- I’ll read this book to you.
In this example it’s very clear the subject is the speaker who is offering to read the book to the listener, so its most natural to omit both. Saying “僕は貴方に本を” would just sound awkward.
Objects of verbs can also be omitted if they are obvious from context. One clue is that if you can abbreviate that word using “it” in English, it’s likely safe to omit it in Japanese.
Let’s say someone asks you why you didn’t bring your PS4 to their house, and you answer as:
- Because its heavy!
You could answer with the more simple ”重いから” but I think the above expression is more natural. [Regarding “だって重いんだもん”, One of my readers has noted that this expression sounds feminine, and I agree that it’s probably better for most men to shy away from it. So I’d revise to say “だって重いから” is better.
> I think the above expression is more natural
This is where you need to be careful. Yes it’s natural but it’s also feminine sounding. The downside to having your primary language references come from your wife. 😉
Yeah it’s a downside, but its pretty minor compared to all the other things I’ve learned (:
Well anyway my point is that you need to be aware of the danger (of adopting feminine speech patterns) and actively counteract it. That’s what I’ve had to do. That particular example sentence is totally feminine (ie gay). I’m no expert but in this case you could probably go with:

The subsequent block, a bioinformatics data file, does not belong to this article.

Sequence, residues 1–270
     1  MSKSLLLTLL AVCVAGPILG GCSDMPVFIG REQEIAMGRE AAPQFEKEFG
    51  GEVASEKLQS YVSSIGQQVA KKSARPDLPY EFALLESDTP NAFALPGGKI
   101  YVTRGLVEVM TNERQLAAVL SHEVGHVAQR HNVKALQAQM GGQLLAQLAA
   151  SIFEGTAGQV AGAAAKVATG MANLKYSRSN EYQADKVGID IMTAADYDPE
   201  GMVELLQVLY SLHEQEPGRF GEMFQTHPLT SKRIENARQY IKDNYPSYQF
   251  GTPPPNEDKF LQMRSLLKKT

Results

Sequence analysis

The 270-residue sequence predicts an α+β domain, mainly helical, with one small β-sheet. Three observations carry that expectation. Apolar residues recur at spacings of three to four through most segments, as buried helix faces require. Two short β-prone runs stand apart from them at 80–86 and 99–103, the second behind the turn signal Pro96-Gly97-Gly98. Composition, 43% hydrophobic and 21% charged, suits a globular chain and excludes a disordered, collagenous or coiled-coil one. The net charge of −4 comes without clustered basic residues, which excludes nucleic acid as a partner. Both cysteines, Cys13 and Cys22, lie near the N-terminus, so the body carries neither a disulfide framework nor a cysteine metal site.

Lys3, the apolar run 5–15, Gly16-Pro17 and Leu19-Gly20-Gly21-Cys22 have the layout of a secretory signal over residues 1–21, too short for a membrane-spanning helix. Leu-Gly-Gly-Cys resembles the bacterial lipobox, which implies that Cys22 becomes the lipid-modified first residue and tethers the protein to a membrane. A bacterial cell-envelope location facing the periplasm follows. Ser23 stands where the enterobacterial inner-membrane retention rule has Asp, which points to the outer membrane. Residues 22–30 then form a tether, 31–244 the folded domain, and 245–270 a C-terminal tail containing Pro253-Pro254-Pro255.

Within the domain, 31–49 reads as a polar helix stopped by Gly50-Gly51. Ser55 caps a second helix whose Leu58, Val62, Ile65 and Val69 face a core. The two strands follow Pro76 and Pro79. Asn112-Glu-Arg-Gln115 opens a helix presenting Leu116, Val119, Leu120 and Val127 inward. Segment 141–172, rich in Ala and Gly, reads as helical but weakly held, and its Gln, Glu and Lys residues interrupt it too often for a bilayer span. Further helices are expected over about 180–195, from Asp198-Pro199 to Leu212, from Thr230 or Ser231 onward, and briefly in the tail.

重いんだから or 重いだぜ
Yeah thats a good point and I do actively try to counter act it, unless I’m joking around. In this case my article didn’t mention that important fact, so I’ve updated it as to not confuse anyone. Thanks again for pointing it out.
I wouldn’t say the expression in question necessarily makes someone immediately thought of as gay, because I’ve heard many cases when a normal guy will throw in slightly-feminine sounding things (like そうなのよ or そうね), and as far as I know that person wasn’t gay. I’ve also heard of an actual gay person using these types of expressions, and they had a certain *tonality* corresponding to them just like you would hear in English.
So overall while I do agree you need to be careful, we need to be careful to not overthink the feminine-sound phrases.
By the way I think 重いんだから would be fine but have more of a “the fact is it is heavy” connotation so it changes the meaning of things a bit.
Also I think 重いだぜ is probably grammatically incorrect since its an i-adjective. In this case 重いぜ would be better.